PANTEGO (CBS 11 NEWS) – Police officers in one North Texas town are waiving minor traffic citations in the hope that drivers will donate to charity this season.READ MORE: Dallas Police Searching For Man Who Stole $13.5K From Elderly Victim
Called the Pantego Cops for Kids program, from mid-November through mid-December, officers are handing out fliers to the people they pull over, and asking if the drivers would consider dropping off an unwrapped toy at the department headquarters.
Police will deliver the gifts to Cook Children’s Hospital in Fort Worth in time for Christmas.
Assistant Chief Barry Reeves came up with the idea. This is the third year of a growing tradition. “Some folks are just giving because it’s better than getting a ticket. Some see the signs behind it, and the reasons behind it,” he said.
Last year, the department collected three patrol SUVs full of toys.
Reeves explained, “We don’t do it for the publicity, but it’s nice to let other people know that we’re doing things other than just writing tickets and putting people in jail.”
Pantego occupies less than two square miles next to Arlington in Tarrant County. The population is just around 2,400, but close to 85,000 commute through the town every day.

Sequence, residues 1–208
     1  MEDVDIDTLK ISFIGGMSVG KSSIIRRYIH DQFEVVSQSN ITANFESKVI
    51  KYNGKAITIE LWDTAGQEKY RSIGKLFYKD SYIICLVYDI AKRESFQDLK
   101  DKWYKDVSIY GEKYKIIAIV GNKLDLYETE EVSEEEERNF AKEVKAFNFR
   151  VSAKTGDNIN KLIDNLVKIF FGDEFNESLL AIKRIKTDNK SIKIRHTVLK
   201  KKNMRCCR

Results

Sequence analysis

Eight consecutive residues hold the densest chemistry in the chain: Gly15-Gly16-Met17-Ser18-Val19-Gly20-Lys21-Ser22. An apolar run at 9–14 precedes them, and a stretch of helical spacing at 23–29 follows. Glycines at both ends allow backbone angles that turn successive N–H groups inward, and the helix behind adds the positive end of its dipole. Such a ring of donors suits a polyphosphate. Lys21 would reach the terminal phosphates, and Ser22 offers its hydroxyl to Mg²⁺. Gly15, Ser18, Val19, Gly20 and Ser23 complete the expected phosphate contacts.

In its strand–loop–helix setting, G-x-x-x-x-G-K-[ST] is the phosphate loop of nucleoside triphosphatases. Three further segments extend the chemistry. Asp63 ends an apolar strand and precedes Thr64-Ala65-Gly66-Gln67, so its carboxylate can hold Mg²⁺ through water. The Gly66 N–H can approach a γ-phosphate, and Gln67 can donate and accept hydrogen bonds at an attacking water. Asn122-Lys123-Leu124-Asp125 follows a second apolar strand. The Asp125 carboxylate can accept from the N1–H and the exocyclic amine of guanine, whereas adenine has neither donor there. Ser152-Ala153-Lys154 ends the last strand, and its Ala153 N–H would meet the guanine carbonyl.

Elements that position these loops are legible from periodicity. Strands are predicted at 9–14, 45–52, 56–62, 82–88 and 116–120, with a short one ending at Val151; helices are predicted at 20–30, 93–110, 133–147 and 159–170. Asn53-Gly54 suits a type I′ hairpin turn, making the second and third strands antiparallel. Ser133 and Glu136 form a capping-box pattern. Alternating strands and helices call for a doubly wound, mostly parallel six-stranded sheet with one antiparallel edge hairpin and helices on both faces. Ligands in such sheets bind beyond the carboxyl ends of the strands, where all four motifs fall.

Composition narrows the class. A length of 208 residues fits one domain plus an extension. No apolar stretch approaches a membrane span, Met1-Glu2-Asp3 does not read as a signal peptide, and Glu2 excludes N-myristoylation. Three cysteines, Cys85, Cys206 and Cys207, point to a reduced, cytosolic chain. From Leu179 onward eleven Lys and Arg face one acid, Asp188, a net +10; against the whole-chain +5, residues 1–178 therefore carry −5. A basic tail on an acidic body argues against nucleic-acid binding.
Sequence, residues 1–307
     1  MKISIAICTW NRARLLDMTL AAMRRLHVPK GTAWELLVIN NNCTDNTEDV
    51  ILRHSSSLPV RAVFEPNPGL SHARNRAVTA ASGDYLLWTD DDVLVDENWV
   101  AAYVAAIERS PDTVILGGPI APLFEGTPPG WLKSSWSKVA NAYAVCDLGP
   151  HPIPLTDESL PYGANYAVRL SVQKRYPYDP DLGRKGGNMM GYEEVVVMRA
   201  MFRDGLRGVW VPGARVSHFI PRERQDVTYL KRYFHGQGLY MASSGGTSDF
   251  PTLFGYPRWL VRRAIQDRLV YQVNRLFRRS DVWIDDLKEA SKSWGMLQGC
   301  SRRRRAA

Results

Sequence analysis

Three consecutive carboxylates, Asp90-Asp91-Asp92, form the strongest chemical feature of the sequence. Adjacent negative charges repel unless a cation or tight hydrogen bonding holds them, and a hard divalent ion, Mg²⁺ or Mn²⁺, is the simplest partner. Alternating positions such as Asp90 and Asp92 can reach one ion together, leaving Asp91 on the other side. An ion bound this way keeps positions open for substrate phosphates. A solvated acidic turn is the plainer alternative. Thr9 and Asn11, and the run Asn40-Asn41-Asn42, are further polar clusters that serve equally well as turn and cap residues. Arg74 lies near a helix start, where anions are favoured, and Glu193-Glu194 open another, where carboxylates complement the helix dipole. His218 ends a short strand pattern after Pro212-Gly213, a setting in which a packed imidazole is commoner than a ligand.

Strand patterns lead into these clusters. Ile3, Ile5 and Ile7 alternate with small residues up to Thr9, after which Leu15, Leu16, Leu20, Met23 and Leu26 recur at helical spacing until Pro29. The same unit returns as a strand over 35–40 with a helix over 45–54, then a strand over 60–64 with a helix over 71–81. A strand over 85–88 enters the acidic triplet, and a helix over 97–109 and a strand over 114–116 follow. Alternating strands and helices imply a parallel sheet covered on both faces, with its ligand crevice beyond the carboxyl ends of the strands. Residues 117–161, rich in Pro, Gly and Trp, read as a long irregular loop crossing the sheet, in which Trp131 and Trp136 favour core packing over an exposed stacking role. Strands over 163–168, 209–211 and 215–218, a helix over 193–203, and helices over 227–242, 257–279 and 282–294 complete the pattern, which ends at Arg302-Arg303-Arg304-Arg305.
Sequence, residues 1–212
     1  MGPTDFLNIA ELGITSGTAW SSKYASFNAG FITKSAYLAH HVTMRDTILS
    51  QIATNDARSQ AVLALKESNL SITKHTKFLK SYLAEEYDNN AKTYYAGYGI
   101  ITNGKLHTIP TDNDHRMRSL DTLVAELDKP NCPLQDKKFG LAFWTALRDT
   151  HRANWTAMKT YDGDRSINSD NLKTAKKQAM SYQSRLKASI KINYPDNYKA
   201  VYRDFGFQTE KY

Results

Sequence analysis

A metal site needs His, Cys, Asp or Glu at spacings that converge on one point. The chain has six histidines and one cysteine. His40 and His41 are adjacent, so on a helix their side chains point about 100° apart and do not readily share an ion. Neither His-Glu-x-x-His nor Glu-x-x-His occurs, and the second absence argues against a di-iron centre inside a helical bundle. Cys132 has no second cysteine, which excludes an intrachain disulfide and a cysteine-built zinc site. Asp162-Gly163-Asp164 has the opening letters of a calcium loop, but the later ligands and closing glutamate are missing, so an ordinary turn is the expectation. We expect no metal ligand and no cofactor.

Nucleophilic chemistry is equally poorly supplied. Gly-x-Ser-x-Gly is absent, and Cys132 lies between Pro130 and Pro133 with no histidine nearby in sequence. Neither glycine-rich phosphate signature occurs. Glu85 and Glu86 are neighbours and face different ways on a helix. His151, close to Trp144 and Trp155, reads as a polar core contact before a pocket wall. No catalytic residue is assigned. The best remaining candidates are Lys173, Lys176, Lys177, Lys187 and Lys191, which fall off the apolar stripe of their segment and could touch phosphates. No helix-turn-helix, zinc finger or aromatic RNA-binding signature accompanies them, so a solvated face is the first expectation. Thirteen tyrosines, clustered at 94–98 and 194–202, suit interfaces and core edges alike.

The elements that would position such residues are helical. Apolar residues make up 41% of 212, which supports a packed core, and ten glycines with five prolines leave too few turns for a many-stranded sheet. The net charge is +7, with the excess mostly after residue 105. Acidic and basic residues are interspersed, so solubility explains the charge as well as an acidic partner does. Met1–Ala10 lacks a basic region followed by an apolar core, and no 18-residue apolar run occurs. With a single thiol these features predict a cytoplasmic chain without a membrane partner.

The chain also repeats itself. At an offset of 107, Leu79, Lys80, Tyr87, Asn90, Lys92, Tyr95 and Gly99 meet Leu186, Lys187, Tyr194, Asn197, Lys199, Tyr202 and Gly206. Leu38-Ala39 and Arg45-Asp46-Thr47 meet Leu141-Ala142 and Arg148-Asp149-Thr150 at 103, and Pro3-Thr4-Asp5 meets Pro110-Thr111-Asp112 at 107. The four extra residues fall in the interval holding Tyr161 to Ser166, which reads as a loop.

The police department’s ten patrol officers write around 500 citations a month, but that number is cut in half during the toy drive.READ MORE: North Texans Beat The Heat One More Day As Temps Hit 100; Cooler Weather On The Way
“I know that everybody likes getting cut a break. I don’t like being the one issuing a ticket to people. It feels good that I’m not cutting into their bank account and their Christmas spending for their kids or their family. They can buy something relatively inexpensive, and the kids at the hospital will think it’s the greatest thing because they’re not home for Christmas,” said Officer Stephen Meinke.
Patrolling a school zone on Wednesday, Officer Meinke stopped several drivers for violations. All were happy to hear that they’d receive warnings, and said they planned to donate a toy.
“I think it’s great. I’m happy with it. [I may] donate two!” said Ed Barry.
The warnings in place of citations are being issued for non-hazardous violations like (minor) speeding, expired inspections, running stop signs, all at the officer’s discretion on a case-by-case basis.
Serious offenders who are pulled over are not let off the hook by the toy drive.
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